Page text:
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On this number pad, a nine-digit number is made by walking through each digit once, starting from a random digit and only moving to adjacent digits.

Image of number pad

That number is then divided by its first digit. In this example,

$ \color{orange}987456321 ÷ \color{orange}9 = 109717369.$

Will this method always result in an integer?

My Solution:

Answer: No. (Without Calculation we can derive the result using divisibility test)

Divisibility test image

The given number pad has digits from 1 to 9. Clearly, it has 5 odd digits and 4 even digits. The next to even digits are odd & next to odd digits are even. The valid moves are odd to even (or) even to odd. If it start with even digit then it is not possible to end with even digit(since number pad has only 4 even digits). So it must start with odd digit, and the generated number will end with odd digit.

The possible start digits are 1, 3, 5, 7, or 9. Suppose, it start with 1, 3 or 9 then the generated number is divisible by 1, 3 or 9 respectively. Since all integers divisible by 1 and sum of digits 1+2+3+…+9 is 45, which is divisible by 3 and 9. The other two possible start digits are 5 or 7. If it start with 5 then the generated number not divisible by 5. Because it is not possible to get the end digit as 0 or 5. Hence the result always not an integer.

Looking forward other solutions

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  • $\begingroup$ Assuming you mean orthogonally adjacent when you say "adjacent" that sounds fine. A few grammatical corrections could be made. If "adjacent" includes diagonally adjacent as well, then you could have numbers like 235698741 which further increases the number of counterexamples but to simply prove that there exists at least one scenario where the result of the division is a non-integer is enough. $\endgroup$ – JMoravitz Jun 1 '18 at 22:59
  • $\begingroup$ Your second image gives a simple way to construct a counterexample. If the intention is to ask for other ways to construct counterexamples, putting a few words about your approach in the body of the Question will help Readers respond. $\endgroup$ – hardmath Jun 1 '18 at 22:59
  • $\begingroup$ You have linked two pictures of number pads. The first image has digits $0$ through $9$; the second has only $1$ through $9$. Are we to assume that the number must be formed on the second number pad? In that case you don't even need to reason about odd and even numbers, because if you start at $5$ you cannot end at $5,$ and the digit $0$ is never possible, any number starting with $5$ cannot end in $0$ or $5$. And if you do include a $0$ key that can be used in the $9$-digit number, you still only need to trace one number starting at $5$ and avoiding $0$ in order to show a counterexample. $\endgroup$ – David K Jun 2 '18 at 16:46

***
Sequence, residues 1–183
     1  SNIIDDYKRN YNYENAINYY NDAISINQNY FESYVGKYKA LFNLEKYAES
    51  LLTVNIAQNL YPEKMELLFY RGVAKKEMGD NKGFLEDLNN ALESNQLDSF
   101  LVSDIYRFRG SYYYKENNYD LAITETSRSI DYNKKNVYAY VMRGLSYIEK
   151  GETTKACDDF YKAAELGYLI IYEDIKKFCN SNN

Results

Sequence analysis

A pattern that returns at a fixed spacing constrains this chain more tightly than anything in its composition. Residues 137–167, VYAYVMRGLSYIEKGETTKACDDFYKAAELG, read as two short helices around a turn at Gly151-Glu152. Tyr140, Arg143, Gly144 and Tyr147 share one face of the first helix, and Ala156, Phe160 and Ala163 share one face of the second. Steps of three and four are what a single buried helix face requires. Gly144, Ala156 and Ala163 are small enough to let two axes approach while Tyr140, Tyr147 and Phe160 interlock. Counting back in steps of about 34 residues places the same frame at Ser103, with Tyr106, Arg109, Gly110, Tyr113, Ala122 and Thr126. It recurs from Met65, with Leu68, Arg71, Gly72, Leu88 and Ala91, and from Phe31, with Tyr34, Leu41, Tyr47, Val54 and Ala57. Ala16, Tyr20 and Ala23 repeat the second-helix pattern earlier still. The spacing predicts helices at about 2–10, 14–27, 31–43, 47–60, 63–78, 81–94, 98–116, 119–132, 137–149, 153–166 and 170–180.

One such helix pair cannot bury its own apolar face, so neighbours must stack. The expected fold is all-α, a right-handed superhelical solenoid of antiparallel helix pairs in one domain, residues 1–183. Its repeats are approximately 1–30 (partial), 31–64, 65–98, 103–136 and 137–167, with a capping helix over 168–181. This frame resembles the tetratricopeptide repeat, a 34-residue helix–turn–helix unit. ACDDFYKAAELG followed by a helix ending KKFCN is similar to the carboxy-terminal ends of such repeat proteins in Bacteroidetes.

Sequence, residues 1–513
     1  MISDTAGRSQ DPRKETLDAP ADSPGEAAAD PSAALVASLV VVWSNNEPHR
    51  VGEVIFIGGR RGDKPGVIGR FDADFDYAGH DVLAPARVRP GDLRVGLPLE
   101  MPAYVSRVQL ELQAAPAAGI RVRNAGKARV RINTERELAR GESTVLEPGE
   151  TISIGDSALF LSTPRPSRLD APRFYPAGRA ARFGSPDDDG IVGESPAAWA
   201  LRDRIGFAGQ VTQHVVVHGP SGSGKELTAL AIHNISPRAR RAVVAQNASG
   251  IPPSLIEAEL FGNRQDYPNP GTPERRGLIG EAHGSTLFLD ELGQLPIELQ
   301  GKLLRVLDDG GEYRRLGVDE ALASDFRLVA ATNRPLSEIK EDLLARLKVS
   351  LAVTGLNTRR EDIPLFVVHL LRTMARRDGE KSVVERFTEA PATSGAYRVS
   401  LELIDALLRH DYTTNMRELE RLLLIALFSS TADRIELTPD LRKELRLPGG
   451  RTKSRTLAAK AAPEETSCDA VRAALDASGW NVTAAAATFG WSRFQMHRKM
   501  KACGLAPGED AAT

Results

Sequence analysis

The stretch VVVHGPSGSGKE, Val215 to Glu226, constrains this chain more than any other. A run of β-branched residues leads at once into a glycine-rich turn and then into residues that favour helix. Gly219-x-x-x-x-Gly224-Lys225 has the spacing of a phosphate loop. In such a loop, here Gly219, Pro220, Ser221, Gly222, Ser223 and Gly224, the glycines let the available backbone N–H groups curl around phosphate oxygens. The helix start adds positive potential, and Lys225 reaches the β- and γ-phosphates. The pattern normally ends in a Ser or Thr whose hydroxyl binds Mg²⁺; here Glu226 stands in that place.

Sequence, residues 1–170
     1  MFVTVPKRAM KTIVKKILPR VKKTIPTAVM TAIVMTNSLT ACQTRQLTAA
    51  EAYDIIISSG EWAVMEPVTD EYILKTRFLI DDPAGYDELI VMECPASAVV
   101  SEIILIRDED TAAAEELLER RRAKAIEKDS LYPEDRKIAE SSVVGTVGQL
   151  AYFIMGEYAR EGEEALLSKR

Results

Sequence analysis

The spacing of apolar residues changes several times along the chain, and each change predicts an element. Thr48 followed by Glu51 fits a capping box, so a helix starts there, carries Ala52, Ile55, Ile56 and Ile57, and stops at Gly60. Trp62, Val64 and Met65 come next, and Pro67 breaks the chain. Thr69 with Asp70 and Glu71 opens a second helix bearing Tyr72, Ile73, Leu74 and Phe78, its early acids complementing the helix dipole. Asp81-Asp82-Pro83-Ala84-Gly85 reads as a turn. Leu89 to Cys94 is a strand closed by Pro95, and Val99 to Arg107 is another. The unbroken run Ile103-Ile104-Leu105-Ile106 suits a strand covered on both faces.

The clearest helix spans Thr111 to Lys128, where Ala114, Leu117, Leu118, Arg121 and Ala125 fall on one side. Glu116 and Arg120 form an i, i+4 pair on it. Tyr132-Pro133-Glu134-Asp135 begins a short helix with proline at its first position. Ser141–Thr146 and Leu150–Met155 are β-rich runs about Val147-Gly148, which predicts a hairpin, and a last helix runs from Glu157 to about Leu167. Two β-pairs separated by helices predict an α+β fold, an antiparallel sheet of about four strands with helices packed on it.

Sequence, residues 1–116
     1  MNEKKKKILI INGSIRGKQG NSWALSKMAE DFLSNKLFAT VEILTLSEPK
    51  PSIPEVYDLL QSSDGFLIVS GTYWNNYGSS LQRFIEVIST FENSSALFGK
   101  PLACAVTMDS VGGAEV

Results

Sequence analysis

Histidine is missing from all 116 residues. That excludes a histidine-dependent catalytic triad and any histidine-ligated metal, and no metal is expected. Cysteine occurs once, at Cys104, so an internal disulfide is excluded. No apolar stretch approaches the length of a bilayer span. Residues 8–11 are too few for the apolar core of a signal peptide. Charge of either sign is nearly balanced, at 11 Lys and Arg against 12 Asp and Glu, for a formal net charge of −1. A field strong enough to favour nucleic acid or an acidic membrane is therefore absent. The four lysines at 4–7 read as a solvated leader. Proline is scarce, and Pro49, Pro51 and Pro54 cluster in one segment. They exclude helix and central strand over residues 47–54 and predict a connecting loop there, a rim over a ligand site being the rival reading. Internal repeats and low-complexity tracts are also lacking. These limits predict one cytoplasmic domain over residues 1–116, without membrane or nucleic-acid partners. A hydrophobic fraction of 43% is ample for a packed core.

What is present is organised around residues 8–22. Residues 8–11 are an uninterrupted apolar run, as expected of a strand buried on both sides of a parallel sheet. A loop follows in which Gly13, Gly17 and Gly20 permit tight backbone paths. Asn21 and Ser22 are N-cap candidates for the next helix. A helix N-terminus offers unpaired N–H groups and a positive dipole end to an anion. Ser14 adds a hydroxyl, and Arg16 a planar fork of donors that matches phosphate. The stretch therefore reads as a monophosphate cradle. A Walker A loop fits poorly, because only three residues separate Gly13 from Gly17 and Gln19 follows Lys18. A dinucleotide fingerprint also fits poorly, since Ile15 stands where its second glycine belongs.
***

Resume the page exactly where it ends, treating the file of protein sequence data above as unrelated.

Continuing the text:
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You can start with the number $5$ in the middle

Image of number pad

${\large 521478963 ÷ 5 = 104295792.6} $

The quotient is not an integer.

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  • $\begingroup$ In fact, due to the fact that all multiples of $5$ have to end in a $5$, any pattern which starts with a $5$ is a counterexample. $\endgroup$ – Rhys Hughes Jun 1 '18 at 23:37
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If you start with $5$ you have an instant counterexample as only numbers which end $5$ are multiples of it.

In addition:$$789632541\div 7\not\in\Bbb Z$$ $$789632145\div 7\not\in\Bbb Z$$ $$741236589\div7\not\in\Bbb Z$$ $$741236985\div7\not\in\Bbb Z$$ $$741258963\div7\not\in\Bbb Z$$ $$745896321\div7\not\in\Bbb Z$$ $$789654123\div7\not\in\Bbb Z$$ In fact, the only one that started with 7 that worked was $785412369$.

Probably many more counterexamples I missed.

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  • $\begingroup$ $9$s all seem to work, as do the $3$s $\endgroup$ – Rhys Hughes Jun 1 '18 at 23:49
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    $\begingroup$ If you use every digit from $1$ through $9$ once, the sum of digits is $45$ and the divisibility test for $9$ implies that the number will always be divisible by $9$ and by $3$; $\endgroup$ – David K Jun 2 '18 at 16:53
  • $\begingroup$ Of course! Hadn't thought of that, many thanks. $\endgroup$ – Rhys Hughes Jun 2 '18 at 16:57
  • $\begingroup$ There are only $40$ possible nine-digit numbers that can be constructed from the $9$-digit keypad according to the rules given. You've shown that $15$ of these fail the divisibility test, and the other $25$ pass. Finding out which of the $7$s pass is the part where you have to do some heavier number-crunching. $\endgroup$ – David K Jun 2 '18 at 16:58
  • $\begingroup$ I found it very interesting that one of the $7$ actually made it through $\endgroup$ – Rhys Hughes Jun 2 '18 at 16:59

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